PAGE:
The Success and Failure of Google+
Google+ was first launched as an invitation-only Beta in June 2011 amid a lot of hype about it being the next big thing in social networks. By August, Comscore.com was reporting that Google+ was growing fast with 25 million new members, and it seemed that the prophecies about the death of Facebook and Twitter might actually have some substance to them. However, by the end of 2011, Google+ was stagnating and struggling to compete in the social media world despite it having been integrated into many of Google’s other services like Gmail and Google Profiles. In February 2012, Mashable reported that people were spending only 3.3 minutes monthly on Google+ as compared with 7.5 hours per month on Facebook. So where did Google+ go so wrong, and what things did they get right?
Everyone that comments on Google+ seems to agree that on the surface it looks like a great social network. The format is user friendly and almost everyone like the concept of circles for keeping aspects of your life conveniently separated. This feature has been compared to Facebook groups, but that function doesn’t have the same ability to really separate business contacts from pleasurable social networking, which Google+ offers. The addition of hangouts and other real time networking functions really offer value to users.
Integration with other Google services is also something that Google+ got right and it allows users to access their e-mail and their blogs at the same time as they scroll through the news feed. Having access to so many of Google’s other services via the Google Account that comes with the Google+ sign up is also handy, but all of them, including Gmail and Blogger, can be just as easily accessed without visiting Google+ and that is what seems to be happening.
The first failure of Google+ was that it wasn’t really complete when it was launched. Originally it wasn’t connected to the rest of the Google empire, and when they finally did integrate them in November 2011 it looked very much like an afterthought or a part of the project that didn’t make the launch date. The launch of Google+ Pages at this time also failed to offer anything as an incentive to entice businesses to duplicate their current efforts on Facebook in order to have a brand page on a social network with so few members, and so Google had failed to attract the large number of members needed to make it work. In early 2012, Google changed its indexing algorithm to give more weight to likes and shares on Google+, and it was seen as a blatant drive to attract traffic to the ailing project.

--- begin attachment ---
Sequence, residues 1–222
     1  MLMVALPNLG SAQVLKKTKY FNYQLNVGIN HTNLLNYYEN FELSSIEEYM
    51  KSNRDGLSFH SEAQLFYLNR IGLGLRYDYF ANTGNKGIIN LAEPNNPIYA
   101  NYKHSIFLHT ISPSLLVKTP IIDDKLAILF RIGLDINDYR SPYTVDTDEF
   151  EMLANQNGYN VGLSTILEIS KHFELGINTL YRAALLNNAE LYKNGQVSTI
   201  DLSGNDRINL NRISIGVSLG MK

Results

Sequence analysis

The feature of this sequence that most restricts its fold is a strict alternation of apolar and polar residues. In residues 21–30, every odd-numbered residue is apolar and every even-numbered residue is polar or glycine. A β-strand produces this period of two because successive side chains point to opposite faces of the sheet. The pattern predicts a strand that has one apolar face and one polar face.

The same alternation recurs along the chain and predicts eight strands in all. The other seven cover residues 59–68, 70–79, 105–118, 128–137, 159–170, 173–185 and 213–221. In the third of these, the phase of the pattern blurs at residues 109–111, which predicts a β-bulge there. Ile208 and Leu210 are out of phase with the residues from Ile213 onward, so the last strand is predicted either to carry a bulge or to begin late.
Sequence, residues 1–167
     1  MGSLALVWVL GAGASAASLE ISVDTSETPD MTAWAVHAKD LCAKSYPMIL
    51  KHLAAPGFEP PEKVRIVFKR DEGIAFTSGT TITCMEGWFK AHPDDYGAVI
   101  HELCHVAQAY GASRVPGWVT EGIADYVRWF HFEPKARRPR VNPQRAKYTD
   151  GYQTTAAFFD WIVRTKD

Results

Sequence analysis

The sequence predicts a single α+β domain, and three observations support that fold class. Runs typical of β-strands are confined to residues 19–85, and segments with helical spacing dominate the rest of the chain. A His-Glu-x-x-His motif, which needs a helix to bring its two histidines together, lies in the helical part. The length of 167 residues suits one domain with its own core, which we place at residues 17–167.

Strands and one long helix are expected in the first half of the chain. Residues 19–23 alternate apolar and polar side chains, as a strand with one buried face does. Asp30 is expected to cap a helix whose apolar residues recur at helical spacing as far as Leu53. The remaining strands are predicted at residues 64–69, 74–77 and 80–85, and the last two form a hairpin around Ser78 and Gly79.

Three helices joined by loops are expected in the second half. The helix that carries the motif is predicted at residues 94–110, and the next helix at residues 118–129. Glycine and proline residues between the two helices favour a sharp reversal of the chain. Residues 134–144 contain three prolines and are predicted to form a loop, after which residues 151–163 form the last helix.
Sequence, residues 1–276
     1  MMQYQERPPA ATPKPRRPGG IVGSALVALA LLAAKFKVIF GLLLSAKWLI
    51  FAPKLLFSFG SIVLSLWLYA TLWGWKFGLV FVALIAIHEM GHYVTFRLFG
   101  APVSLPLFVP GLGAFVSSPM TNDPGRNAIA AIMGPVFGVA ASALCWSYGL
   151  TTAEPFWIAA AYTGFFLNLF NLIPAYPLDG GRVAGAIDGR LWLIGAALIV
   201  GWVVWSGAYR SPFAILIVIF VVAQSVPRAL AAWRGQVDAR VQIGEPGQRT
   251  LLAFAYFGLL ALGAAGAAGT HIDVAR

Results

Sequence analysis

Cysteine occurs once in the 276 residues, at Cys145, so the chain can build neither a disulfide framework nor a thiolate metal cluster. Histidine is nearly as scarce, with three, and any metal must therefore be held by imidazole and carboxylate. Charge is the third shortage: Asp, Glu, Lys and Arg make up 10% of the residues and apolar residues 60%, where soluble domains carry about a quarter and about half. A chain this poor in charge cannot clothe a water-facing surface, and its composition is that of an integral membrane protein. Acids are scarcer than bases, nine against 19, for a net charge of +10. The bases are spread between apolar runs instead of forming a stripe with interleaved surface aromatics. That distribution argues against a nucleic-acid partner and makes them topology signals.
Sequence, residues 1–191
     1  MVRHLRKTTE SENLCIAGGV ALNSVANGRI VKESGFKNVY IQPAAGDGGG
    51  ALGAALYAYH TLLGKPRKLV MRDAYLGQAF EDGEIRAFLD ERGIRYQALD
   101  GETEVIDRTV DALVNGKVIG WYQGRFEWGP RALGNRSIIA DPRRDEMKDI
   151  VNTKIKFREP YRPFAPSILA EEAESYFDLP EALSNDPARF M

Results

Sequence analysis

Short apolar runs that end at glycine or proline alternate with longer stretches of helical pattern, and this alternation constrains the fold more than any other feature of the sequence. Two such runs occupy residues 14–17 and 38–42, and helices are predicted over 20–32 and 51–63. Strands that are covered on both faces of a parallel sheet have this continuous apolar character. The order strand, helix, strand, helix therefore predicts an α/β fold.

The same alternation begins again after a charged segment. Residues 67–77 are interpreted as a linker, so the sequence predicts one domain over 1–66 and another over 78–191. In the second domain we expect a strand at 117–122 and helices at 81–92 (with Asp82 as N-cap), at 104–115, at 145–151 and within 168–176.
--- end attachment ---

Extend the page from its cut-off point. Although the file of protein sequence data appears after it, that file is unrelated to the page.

Google+ has so far failed to compete effectively with Facebook as a social site and lacks the established credos of LinkedIn for professionals. To its credit, Google+ has reached 100 million users in April 20121 and it does look as if it is going to survive, though it seems as if it will always be overshadowed by Facebook, which has over 800 million active users and growing. With the recent emergence of Pinterest, Google+ has even more competition for the social web surfers’ time, and the novelty of this new platform’s format must be drawing users to it from Google+. It remains to be seen if there is room in cyberspace for all of these competing forces in the Web 2.0 world and it will be interesting to see what Google comes up with next to try and bolster its flailing social network site. Presently, it is hard to see Google+ living up to the potential that it promised in June 2011.